Intervention of innovation

An area well equipped to address issues with HL and improve VLU care is medical technology (MedTech). Innovation in MedTech is making healthcare easier and more accessible. Increasingly, MedTech devices are designed with self-medication in mind – they are easy for patients to use and improve levels of medical compliance in the home setting, even for those with lower levels of HL.

For example, a device that is clinically proven to promote blood flow could have a role in the treatment of VLU. To enable patients to use it independently, the device needs to be safe, quick and easy to administer, and come with clear and concise instructions written in simple language with supporting illustrations. Such devices can work alongside or instead of the current SoC, and potentially offer more cost-effective treatment options.

Devices that are suitable for patients with low or limited HL enable increased adherence and concordance to VLU recommendations. This would give those patients independently managing VLUs a better chance of recovering quickly and effectively and reduce the chance of a VLU recurrence.

Making healthcare fair

Innovation is a driving force in healthcare offering patients, medical professionals and healthcare systems faster and simpler solutions to care while making it more accessible for everyone. Patients with low HL are typically at a greater risk of developing health issues. Older adults with low HL and conditions such as VLUs are therefore more likely to either develop complications during treatment, recover slower or face recurrences. This has been made more complicated by the pandemic which has shifted care to digital platforms. However, technological interventions are making treatments simpler to understand, navigate and practice independently in the home setting, creating a brighter future for healthcare globally.


  1. Health Resources & Services Administration, Health Literacy. https://www.hrsa.gov/about/organization/bureaus/ohe/health-literacy/index.html
  2. Prince LY, Schmidtke C, Beck JK, Hadden KB. Qual Manag Health Care. 2018 Apr/Jun; 27(2):93-97.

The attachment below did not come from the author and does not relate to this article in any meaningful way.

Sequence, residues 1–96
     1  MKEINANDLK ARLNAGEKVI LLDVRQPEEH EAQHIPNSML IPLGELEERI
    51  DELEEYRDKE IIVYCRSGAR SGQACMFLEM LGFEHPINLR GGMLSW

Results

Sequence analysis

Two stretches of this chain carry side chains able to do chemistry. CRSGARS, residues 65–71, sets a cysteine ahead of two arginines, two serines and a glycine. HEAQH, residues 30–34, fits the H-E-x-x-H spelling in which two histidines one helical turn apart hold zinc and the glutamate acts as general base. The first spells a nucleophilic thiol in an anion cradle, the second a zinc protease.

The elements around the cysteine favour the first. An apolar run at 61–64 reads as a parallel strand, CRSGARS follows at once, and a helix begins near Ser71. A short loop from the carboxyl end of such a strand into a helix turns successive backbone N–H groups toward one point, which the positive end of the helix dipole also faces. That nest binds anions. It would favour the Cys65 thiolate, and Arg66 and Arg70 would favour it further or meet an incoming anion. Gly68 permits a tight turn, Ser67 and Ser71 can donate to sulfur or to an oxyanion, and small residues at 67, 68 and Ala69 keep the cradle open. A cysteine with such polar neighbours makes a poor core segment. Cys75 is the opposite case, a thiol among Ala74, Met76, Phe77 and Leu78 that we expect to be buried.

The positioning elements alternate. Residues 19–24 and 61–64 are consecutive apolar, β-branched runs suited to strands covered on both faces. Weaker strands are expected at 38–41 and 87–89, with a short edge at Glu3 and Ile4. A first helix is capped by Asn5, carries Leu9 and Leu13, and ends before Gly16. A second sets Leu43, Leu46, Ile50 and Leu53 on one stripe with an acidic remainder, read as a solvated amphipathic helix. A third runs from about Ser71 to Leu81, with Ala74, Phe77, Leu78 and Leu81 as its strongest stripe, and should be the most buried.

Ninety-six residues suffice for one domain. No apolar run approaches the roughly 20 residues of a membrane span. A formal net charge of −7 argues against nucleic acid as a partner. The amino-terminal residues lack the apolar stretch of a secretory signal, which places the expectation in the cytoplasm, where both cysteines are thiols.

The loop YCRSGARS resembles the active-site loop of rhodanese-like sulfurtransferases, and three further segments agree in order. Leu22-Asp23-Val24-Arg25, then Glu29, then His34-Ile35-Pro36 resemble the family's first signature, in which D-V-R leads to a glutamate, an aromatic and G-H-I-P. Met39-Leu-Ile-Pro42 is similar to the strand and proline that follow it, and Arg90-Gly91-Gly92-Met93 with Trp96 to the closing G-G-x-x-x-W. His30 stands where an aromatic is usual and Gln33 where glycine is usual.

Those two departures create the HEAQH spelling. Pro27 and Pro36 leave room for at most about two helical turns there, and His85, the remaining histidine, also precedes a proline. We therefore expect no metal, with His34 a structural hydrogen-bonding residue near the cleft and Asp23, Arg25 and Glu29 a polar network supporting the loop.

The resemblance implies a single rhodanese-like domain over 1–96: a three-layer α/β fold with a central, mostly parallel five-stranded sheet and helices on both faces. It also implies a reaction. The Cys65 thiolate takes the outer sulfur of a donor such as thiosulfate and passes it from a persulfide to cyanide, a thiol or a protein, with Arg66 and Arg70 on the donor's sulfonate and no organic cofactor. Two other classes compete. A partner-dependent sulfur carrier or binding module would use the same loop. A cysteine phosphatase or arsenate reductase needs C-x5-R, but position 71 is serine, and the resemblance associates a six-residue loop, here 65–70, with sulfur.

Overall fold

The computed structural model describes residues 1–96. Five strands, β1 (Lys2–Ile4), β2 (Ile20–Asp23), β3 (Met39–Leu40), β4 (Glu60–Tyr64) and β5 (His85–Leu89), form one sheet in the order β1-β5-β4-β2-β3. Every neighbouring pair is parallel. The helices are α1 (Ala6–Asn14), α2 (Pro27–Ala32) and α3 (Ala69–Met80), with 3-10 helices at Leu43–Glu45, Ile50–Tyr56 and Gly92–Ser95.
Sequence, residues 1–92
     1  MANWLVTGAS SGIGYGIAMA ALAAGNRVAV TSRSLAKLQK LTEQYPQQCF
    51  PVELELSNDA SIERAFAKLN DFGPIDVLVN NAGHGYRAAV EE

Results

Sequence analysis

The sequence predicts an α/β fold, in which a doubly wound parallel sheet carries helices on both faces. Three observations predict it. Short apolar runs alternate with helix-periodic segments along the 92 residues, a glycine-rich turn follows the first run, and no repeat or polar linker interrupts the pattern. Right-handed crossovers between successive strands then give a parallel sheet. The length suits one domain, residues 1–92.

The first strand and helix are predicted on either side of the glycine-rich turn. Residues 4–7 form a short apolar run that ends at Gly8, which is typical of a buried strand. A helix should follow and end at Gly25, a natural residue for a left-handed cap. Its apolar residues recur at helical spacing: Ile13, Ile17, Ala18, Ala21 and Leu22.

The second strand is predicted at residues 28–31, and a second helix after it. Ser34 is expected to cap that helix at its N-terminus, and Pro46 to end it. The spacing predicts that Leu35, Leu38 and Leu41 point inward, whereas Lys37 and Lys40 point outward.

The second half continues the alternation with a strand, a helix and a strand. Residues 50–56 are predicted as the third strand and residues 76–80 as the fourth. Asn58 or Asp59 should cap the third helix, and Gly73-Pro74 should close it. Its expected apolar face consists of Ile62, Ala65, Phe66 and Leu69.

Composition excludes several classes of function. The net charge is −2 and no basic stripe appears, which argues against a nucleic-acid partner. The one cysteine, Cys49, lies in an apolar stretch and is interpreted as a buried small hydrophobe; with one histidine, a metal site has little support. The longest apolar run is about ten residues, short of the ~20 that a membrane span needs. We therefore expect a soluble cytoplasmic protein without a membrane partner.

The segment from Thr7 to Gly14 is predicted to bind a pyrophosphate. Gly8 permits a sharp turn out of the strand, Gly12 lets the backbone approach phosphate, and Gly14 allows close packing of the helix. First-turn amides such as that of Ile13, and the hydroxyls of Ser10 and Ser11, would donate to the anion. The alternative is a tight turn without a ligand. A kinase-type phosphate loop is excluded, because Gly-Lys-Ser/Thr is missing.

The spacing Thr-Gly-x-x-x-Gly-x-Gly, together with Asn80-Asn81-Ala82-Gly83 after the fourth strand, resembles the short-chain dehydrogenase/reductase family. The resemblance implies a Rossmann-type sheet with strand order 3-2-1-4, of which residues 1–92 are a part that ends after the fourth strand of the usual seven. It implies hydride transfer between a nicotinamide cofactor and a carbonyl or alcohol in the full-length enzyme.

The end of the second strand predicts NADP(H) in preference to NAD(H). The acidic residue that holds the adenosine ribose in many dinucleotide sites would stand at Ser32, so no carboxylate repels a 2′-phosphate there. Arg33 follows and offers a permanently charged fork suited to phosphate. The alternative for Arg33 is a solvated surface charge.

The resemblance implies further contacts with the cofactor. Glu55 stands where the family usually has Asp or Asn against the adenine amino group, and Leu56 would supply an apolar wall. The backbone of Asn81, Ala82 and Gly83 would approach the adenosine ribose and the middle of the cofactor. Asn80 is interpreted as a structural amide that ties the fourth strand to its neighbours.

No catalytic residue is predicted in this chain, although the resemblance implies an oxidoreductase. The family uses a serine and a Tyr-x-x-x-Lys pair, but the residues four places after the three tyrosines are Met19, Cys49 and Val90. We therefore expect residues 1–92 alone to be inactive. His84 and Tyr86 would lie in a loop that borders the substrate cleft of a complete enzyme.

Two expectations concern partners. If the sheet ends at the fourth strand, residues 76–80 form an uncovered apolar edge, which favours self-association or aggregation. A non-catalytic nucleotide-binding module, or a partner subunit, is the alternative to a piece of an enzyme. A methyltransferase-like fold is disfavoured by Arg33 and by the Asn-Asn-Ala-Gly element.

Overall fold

3. Rowlands G, Protheroe J, Richardson M, et al. The health information gap: the mismatch between population health literacy and the complexity of health information. An observational study. London: British Journal of General Practice, [Forthcoming].
  4. Kobayashi LC, Wardle J, Wolf MS, et al. Aging and Functional Health Literacy: A Systematic Review and Meta-Analysis. The journals of gerontology Series B, Psychological sciences and social sciences 2014.
  5. Australian Wound Management Association Inc, New Zealand Wound Care Society Inc. Australian and New Zealand clinical practice guideline for prevention and management of venous leg ulcers. Barton, ACT: Cambridge Publishing, 2011.
  6. Graves N, Zheng H. The prevalence and incidence of chronic wounds: a literature review. Wound Practice Res 2014; 22: 4–12.
  7. Pérez MB, López‐Casanova P, Lavín RS. Recent Reports from University of Alicante Highlight Findings in Leg Ulcers [Epidemiology of venous leg ulcers in primary health care: Incidence and prevalence in a health centre-A time series study (2010-2014)] Citation metadata. Int Wound J 2018; 16: 256–65.
  8. Finlayson KJ, Parker CN, Miller C, et al. Predicting the likelihood of venous leg ulcer recurrence: the diagnostic accuracy of a newly developed risk assessment tool. Int Wound J 2018; 15: 686–94. doi:10.1111/iwj.12911 http://www.ncbi.nlm.nih.gov/pubmed/29536629
  9. Jones NJ & Harding KG et al, Neuromuscular electrostimulation on lower limb wounds. British Journal of Nursing VOL. 27, No. 20.Published Online: 12 Nov 2018. https://doi.org/10.12968/bjon.2018.27.Sup20.S16
  10. Klonizakis M, Tew GA, Gumber A, et al. Supervised exercise training as an adjunct therapy for venous leg ulcers: a randomized controlled feasibility trial. Br J Dermatol 2018; 178: 1072–82. doi:10.1111/bjd.16089 http://www.ncbi.nlm.nih.gov/pubmed/29077990
  11. Orr L, Klement KA, McCrossin L, et al. A systematic review and meta-analysis of exercise intervention for the treatment of calf muscle pump impairment in individuals with chronic venous insufficiency. Ostomy Wound Manage 2017; 63: 30–43. doi:10.25270/owm.2017.08.3043 http://www.ncbi.nlm.nih.gov/pubmed/28873064
  12. Boxall S, Carville K, Leslie G, et al. Compression bandaging: identification of factors contributing to non-concordance. Wound Practice Res 2019; 27: 6–20. doi:10.33235/wpr.27.1.6-20
  13. Muldoon J. Compression hosiery for venous conditions: a literature review. J Community Nurs 2019; 33: 29–34.
  14. O’Meara S, Cullum N, Nelson EA, et al. Compression for venous leg ulcers. Cochrane Database Syst Rev 2012; 11: CD000265. doi:10.1002/14651858.CD000265.pub3 http://www.ncbi.nlm.nih.gov/pubmed/23152202

Sue Davenport – VP Marketing Communications
22nd December 2021